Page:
“¢ 0 to negative 10%: 7 companies
“¢ negative 10% or more: 5 companies.

All of this led to, roughly, an approximate 9% to 11% gain for the Y40 during the six months prior to the market correction. I should note that the nine stocks in the category of 30% or more return were for the most part just above 30% and none higher than 40%.

My starting hypothesis had been that the Y40 fell more in late July because it had been up more than the market as a whole in previous months. That theory proved false. The DY40 had not been out-performing the market. Part of my reason for the starting hypothesis was that there have been a group of mid-cap stocks that have been up significantly over this period, anywhere from 50% to 150%, as they have been adopted by hedge funds that have seen the viability of their businesses in the industrial equipment area and the engineering sector as well as their low debt levels and lack of investment community coverage. This group of stocks, some of which I am familiar with, dropped radically last week as the take out premiums were to some extent removed. I obviously did not find any stocks with returns like these in the DY40.

The second thing I did was extremely subjective. I looked at the lists showing the top 15 shareholders of the DY40 companies and rated each as follows:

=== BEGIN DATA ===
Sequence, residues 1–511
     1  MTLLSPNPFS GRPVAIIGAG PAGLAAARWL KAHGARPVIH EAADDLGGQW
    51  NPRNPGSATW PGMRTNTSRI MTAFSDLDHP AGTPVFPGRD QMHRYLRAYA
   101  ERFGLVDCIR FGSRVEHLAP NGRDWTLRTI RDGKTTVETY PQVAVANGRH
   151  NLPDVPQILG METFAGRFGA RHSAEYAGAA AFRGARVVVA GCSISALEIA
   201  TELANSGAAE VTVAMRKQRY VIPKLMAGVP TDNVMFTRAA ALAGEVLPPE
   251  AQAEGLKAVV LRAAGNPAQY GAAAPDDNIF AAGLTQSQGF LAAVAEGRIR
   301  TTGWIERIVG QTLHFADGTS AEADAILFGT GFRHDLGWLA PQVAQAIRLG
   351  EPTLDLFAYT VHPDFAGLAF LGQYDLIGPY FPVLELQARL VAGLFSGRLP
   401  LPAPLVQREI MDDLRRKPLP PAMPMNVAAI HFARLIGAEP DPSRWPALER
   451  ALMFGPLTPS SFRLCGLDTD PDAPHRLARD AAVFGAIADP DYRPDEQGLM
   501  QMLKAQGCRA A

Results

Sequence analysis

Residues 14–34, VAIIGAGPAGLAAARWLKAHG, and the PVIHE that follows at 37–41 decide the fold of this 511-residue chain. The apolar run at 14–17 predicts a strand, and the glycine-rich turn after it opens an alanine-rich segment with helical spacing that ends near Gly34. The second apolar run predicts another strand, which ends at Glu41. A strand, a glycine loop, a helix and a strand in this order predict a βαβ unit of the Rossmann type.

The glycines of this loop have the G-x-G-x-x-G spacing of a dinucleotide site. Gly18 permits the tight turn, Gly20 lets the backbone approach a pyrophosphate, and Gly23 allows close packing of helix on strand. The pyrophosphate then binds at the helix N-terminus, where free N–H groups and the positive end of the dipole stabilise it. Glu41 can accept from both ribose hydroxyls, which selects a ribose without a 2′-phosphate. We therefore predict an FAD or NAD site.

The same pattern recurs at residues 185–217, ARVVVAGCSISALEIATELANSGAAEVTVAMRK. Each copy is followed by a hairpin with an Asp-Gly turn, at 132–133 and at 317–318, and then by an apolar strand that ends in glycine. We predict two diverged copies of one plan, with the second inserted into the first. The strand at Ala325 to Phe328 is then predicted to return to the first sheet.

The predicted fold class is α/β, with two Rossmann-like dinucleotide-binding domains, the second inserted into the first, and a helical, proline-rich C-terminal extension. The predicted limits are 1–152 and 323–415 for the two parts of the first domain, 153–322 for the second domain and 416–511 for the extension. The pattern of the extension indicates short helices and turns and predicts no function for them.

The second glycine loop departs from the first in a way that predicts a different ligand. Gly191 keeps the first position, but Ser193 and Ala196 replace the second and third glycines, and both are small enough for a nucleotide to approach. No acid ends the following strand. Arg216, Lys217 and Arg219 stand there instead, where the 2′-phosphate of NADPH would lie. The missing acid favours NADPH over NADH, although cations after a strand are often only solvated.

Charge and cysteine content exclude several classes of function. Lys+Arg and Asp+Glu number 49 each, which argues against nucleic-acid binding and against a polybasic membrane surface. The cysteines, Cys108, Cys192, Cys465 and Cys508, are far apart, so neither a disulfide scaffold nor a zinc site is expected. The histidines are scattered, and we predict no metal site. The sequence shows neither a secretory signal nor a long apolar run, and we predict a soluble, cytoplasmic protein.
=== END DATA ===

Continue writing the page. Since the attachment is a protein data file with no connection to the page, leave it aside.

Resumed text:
“¢ Those with too many index investment or little quality ownership — a “warning sign" — 7 companies.
“¢ Those with a traditional investor base, a decent balance between index and discretionary as well as seemingly appropriate names for the industry — 22 companies
“¢ Those with some interesting investors that I would not have expected and low index levels. This mix attracts my interest ““ 11 companies.

This did not tell me much of anything especially consequential either. It did tell me that the DY40 is for the most part well recognized and covered by the usual suspects in the asset management industry, with the possible exception of powerful hedge funds.

Overall, this was not a completely useless exercise as it eliminated the following two possible reasons for the late July performance: out performance in the prior period and/or visibly weak hands.

So, Dr. Watson, what’s left?
1. A perceived higher exposure to a lower credit segment in rural America (lower end consumer credit obviously being in the spotlight to some extent).
2. A relatively lower level of international business exposure and hugely lower level of foreign currency earnings to be translated back into dollars. (Here, because the DY40 is equal weighted — that is, an equal amount was invested in each of the stocks regardless of company size — the impact of Wal-Mart, Deere or a few other large firms has been diluted.)